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10 Mar, 2023 11:43

Moscow claims attitudes to Ukraine conflict shifting at UN

More countries are starting to wonder what really pushed Russia to launch its military operation, a senior diplomat said
Moscow claims attitudes to Ukraine conflict shifting at UN

Western countries are facing increasing opposition to their anti-Russian efforts at the UN as many members question their peace aspirations in Ukraine, the deputy head of Moscow’s mission to the organization, Dmitry Polyansky, said on Friday.

Speaking in an interview with American political commentator Jackson Hinkle, Polyansky stated that numerous countries “were taken aback” by the start of full-scale hostilities in Ukraine in February 2022, which initially allowed the West to impose decisions that were “totally one-sided, anti-Russian, and absolutely shallow.” 

Polyansky argued that over time, “more and more countries started to ask the question… why would Russia all of a sudden launch the special military operation?” 

These states started to listen to Russia’s arguments while “seeing that Western countries were part of this conflict,” the senior diplomat added. “Because very quickly it has become obvious that it’s not Russia and Ukraine that are fighting in Ukraine right now. It’s a NATO proxy war against Russia with the hands of the Ukrainians, until the last Ukrainian.”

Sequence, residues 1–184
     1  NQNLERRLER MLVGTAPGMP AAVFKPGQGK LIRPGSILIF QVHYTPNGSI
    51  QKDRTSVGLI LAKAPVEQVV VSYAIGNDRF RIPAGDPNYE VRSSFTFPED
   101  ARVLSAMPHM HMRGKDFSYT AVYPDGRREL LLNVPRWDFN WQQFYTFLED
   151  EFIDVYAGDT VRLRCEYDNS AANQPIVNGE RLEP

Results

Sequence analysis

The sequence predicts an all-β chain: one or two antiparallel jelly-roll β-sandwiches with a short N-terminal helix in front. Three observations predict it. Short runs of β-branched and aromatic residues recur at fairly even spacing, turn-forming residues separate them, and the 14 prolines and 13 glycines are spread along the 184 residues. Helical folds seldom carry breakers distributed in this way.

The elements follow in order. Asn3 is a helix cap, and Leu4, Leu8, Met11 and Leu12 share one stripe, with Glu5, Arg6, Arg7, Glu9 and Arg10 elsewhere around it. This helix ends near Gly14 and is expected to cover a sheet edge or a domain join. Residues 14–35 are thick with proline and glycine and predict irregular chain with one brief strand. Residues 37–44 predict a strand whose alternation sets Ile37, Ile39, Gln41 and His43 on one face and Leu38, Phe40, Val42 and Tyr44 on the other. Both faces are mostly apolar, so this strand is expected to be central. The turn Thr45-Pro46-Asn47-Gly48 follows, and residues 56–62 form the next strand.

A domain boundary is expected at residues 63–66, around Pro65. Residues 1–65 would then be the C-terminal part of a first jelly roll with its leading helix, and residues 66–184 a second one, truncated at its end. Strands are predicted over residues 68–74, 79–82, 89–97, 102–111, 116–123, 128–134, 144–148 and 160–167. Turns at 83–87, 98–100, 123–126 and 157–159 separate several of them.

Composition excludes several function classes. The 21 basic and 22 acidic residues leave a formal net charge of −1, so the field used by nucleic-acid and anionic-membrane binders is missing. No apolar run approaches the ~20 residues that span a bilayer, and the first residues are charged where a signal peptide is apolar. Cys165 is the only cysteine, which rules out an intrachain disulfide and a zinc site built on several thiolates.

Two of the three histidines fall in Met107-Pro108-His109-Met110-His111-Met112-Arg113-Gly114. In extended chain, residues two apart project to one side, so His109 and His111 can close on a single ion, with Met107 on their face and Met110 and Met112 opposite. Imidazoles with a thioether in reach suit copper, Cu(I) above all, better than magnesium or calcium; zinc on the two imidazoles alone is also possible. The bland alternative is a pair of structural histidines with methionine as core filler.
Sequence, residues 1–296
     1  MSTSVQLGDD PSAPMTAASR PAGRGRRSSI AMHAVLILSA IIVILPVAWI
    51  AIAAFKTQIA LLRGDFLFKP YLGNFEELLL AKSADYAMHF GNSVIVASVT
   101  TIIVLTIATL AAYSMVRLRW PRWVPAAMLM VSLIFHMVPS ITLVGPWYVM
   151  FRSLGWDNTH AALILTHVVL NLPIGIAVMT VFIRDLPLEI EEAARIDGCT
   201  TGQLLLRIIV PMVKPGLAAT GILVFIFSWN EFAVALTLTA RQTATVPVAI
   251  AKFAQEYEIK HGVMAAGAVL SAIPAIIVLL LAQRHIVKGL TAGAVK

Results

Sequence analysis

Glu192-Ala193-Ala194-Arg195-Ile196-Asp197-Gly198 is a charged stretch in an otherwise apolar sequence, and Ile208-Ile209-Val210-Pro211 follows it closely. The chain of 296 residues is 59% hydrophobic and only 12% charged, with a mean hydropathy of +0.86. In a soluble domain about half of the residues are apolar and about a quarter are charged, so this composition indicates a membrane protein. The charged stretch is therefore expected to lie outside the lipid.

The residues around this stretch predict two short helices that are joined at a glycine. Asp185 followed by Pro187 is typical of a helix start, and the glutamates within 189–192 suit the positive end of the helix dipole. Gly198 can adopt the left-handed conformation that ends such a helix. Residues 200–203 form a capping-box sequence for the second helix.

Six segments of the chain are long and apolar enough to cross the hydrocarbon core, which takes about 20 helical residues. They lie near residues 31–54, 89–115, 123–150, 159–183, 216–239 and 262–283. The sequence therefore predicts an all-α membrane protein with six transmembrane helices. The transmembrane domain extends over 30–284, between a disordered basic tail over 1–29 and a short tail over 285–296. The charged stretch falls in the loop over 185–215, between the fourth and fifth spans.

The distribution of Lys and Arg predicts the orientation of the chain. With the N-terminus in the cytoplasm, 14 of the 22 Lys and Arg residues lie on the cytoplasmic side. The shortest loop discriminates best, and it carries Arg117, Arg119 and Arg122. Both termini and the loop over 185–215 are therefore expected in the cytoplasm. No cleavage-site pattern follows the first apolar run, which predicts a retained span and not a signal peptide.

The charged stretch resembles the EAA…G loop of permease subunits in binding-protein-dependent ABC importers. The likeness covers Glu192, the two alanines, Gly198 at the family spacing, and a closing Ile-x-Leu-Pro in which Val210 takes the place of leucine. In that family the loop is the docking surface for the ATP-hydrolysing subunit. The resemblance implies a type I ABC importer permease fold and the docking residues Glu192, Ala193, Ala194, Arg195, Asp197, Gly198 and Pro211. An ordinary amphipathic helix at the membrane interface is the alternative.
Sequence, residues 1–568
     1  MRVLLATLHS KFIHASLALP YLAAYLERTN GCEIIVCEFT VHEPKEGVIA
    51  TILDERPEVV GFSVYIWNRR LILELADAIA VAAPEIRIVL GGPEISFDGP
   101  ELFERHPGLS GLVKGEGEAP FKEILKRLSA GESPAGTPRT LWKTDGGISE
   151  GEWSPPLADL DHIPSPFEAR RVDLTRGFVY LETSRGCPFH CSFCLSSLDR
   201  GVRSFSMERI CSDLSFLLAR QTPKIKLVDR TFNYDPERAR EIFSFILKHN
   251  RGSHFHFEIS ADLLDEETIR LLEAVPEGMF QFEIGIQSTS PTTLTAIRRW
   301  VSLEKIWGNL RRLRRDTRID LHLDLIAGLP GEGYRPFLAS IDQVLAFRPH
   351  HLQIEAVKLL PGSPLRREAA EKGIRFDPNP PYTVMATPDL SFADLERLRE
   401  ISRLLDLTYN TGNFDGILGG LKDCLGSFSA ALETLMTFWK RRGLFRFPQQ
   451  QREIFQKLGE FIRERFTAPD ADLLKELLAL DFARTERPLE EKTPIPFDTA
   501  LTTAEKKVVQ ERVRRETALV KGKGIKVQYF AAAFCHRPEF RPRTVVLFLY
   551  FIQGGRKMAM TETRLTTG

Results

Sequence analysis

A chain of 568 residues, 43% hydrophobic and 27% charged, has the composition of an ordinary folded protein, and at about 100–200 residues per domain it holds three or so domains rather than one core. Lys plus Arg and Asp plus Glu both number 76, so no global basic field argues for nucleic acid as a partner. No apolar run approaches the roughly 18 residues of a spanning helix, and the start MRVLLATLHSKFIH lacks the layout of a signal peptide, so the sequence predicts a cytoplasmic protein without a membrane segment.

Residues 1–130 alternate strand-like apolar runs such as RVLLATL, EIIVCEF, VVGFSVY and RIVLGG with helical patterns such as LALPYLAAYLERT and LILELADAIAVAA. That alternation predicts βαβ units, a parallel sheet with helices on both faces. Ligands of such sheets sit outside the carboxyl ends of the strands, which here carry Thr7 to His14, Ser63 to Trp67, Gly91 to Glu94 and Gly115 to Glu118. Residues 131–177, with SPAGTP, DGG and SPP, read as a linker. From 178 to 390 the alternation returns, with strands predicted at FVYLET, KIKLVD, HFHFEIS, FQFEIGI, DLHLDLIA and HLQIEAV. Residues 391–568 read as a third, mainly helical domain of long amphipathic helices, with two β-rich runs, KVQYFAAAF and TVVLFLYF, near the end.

Referring to the Russian-Ukrainian talks hosted by Türkiye last spring, Polyansky recalled that there had been an opportunity to settle the conflict peacefully as Kiev approached Moscow with diplomatic initiatives.

“But immediately, there were voices from Washington and London telling Ukrainians to withdraw their proposal,” Polyansky stated, claiming that the West didn’t want the crisis “to end so quickly and with a positive result for Russia.” 

He argued that UN members have seen that the West is fanning the conflict with arms shipments and have begun to ask: “How can you really be doing this and pretending that you are interested in peace?” 

According to Polyansky, this question is often reserved for discussions in UN corridors, while Western countries have significant opportunities to exert pressure on anyone hoping to pursue an independent policy.

“But nevertheless, for the Western bloc it has become harder and harder to promote decisions of the same magnitude… the same sharpness than it was at the initial stage of our special military operation,” the Russian diplomat insisted.

Last month, the UN General Assembly adopted a non-binding resolution condemning what was described as Russian “aggression” against Ukraine. While it was backed by 141 countries, seven voted against and 32 UN members, including China and India, abstained.